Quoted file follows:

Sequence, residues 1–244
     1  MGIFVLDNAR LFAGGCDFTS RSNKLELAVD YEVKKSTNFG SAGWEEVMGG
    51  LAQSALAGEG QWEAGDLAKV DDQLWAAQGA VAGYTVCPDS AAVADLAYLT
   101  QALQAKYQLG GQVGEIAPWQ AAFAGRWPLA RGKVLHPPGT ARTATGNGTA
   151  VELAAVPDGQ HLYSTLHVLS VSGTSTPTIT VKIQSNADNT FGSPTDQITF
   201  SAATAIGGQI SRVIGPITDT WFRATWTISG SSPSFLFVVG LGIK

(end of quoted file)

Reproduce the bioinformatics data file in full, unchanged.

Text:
Sequence, residues 1–244
     1  MGIFVLDNAR LFAGGCDFTS RSNKLELAVD YEVKKSTNFG SAGWEEVMGG
    51  LAQSALAGEG QWEAGDLAKV DDQLWAAQGA VAGYTVCPDS AAVADLAYLT
   101  QALQAKYQLG GQVGEIAPWQ AAFAGRWPLA RGKVLHPPGT ARTATGNGTA
   151  VELAAVPDGQ HLYSTLHVLS VSGTSTPTIT VKIQSNADNT FGSPTDQITF
   201  SAATAIGGQI SRVIGPITDT WFRATWTISG SSPSFLFVVG LGIK